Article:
Some of our favorite kitchen tools and hacks to save you cash and heartache.Read More
Start by getting setup with Audible– Especially if you have any degree of commute, then I can’t recommend Audible enough. Listening to books is infinitely more productive and enjoyable than mediocre radio stations. There are different tiers of subscriptions, but the lowest level has been fine for me. As much as we LOVE podcasts, Audiobooks … Continue reading The Very Useful – Volume 02 – AudiobooksRead More
Learn how to shop for, buy, and set up a good HDTV for the big game–or for any game, movie night, or Netflix binge session.Read More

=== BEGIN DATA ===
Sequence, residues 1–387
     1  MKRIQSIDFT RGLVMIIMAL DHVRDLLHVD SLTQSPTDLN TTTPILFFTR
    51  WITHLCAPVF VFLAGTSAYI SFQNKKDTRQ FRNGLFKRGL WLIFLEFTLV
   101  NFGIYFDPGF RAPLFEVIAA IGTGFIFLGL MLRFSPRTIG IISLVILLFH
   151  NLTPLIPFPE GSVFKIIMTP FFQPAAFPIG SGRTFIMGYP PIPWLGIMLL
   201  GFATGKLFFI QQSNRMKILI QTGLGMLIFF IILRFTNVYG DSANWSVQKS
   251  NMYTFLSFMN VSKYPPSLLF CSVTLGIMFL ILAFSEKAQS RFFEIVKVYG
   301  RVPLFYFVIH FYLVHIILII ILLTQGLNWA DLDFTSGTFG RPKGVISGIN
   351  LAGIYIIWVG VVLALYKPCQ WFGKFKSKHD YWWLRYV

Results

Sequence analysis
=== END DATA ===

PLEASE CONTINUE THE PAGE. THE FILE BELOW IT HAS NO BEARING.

We may think of ourselves as logical and reasonable, going through motions governed by what we believe to be right. But if we were to examine them under a microscope, would our motivations prove to be composed of a rational framework, or are there invisible, inscrutable reasons for our behavior even we can’t explain?
How does the What the Hell effect keep us making bad decisions even when we know they’re bad?
Are we ever truly rational, unbiased, or impartial?
What’s the best time to appear before a judge?
Transparency in our lives can often backfire.
How motivation works (and doesn’t work) and how we can use our own psychology against ourselves.
And so much more…